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Mixed farming reaction to Seasonal Agricultural Workers Scheme extension

NFU Scotland says plans to dismantle SAMW will be a blow to Scottish growers.

Confirmation the Seasonal Agricultural Workers Scheme (SAWS) will run until 2024 has met mixed reaction from farming leaders.

The UK Government confirmed the scheme, which allows foreign workers to come to the UK for up to six months to pick both edible and ornamental crops, will run until the end of 2024.

It said 30,000 visas will be available next year, with the option to increase by 10,000 if necessary, however the scheme will taper down from 2023 onwards and growers will be required to improve pay and conditions for workers.

The Government has also called on the sector to do more to attract UK worker through offering training, career options, wages increases, and to invest in increased automation technology.

Immigration Minister Kevin Foster said: “The extension to the seasonal worker visa route strikes the right balance of supporting the industry while it transitions to employing and prioritising domestic workers.”

The NFU south of the border welcomed confirmation SAWS will continue and said growers will be extremely relieved to have clarity over the future of the scheme for the next three years.

The union’s vice-president Tom Bradshaw said: “We have worked very closely with ministers and officials to secure the additional visas and the inclusion of ornamentals, which is something we have been calling for and is desperately needed for flower and plant growers across the country.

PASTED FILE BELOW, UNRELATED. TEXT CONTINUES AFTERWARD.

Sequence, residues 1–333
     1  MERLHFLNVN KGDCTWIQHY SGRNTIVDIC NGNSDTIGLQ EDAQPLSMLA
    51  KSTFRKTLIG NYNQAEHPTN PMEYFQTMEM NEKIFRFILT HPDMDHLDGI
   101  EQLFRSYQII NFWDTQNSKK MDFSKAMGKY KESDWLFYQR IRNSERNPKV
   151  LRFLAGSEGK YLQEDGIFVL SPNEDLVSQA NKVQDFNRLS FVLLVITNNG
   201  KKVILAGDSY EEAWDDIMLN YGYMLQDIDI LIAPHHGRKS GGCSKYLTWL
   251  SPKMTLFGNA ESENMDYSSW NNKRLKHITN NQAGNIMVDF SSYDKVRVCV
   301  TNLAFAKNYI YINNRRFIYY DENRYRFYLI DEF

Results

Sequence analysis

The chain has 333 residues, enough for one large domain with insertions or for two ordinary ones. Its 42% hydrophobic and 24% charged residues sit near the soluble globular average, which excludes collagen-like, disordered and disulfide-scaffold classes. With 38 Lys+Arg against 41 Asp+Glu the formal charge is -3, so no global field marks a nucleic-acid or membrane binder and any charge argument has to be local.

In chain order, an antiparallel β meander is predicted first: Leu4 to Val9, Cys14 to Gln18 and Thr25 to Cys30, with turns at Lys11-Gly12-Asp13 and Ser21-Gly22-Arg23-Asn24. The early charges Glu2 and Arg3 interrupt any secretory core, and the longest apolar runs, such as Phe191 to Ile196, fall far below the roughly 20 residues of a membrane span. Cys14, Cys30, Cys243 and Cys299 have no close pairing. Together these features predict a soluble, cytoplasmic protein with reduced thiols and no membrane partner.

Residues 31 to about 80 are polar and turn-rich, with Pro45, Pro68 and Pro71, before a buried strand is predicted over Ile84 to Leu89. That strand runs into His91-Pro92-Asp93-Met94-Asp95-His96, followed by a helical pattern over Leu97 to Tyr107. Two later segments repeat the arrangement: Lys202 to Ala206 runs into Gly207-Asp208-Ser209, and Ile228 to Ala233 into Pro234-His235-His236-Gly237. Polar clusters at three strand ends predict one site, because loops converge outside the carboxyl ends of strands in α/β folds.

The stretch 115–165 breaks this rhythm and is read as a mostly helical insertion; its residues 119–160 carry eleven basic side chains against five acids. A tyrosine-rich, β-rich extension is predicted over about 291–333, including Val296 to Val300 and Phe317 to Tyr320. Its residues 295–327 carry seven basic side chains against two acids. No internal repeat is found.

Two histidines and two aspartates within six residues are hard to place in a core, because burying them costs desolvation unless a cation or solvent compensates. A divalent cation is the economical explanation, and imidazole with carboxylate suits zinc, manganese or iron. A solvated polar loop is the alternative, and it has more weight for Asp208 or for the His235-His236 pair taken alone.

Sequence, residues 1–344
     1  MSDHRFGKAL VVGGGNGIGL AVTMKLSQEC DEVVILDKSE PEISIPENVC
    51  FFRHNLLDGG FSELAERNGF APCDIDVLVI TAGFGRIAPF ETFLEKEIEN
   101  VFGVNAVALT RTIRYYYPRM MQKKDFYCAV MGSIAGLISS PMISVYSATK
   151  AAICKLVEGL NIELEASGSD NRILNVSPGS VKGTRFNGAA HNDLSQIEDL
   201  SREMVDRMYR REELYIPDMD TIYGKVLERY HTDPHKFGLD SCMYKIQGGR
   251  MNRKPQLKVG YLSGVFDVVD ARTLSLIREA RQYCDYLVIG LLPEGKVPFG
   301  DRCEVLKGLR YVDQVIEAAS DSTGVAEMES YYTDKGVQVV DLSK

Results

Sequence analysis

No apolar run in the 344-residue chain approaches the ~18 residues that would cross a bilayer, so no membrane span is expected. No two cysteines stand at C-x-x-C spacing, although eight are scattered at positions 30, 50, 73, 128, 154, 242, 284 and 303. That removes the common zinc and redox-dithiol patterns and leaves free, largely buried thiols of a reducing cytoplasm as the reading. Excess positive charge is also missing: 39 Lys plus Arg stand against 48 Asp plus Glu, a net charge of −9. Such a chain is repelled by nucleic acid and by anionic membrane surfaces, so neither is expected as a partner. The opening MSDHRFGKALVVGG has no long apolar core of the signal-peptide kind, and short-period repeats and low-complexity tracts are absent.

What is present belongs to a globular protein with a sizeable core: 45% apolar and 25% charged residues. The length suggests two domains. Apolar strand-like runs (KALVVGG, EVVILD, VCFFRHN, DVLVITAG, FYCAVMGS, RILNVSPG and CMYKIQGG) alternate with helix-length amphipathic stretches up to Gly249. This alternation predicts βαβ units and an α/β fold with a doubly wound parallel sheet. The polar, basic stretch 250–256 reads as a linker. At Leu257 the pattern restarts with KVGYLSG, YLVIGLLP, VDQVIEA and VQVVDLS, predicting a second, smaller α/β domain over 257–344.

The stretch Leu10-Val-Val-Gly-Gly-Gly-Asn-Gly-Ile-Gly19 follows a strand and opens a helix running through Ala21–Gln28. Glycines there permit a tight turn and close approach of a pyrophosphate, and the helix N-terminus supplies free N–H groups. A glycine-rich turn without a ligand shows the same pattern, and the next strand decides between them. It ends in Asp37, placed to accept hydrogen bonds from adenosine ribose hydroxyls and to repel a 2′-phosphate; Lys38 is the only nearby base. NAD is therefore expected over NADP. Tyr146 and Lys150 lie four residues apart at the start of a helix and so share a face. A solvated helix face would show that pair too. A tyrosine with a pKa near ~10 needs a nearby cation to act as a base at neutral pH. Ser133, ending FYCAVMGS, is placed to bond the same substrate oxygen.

“With labour shortages so rife across the entire food supply chain, we will continue to monitor the situation closely and continue to engage with the government on the sector’s needs.”

However, NFU Scotland (NFUS) said it was “deeply disappointing” news for fruit and vegetable growers and plans to dismantle the scheme from 2023 would be a blow for future production.

NFU Scotland president Martin Kennedy.

NFUS president, Martin Kennedy, said labour shortages – estimated to be around 20% on Scottish farms – and government delays introducing SAWS led to significant crop losses and millions of pounds of wastage.

He added: “Indications are that Scotland will produce a lot less fruit and veg next year and an announcement that will initially keep the number of seasonal visas for the UK static at 30,000 will not improve that picture.”

Mr Kennedy said NFUS, together with the NFU in England, had asked for the scheme to be extended to 55,700 visas for 2022.

He added: “For only 30,000 to be offered at the outset in 2022 is a big disappointment.”

Mr Kennedy also questioned Government calls for growers to recruit more domestic workers to pick fruit and vegetables and said one Scottish grower who offered 100 contracts of employment to UK applicants in September, had only six contracts accepted and only three turn up for work.

He added: “Failure to secure UK workers is not for want of trying.”

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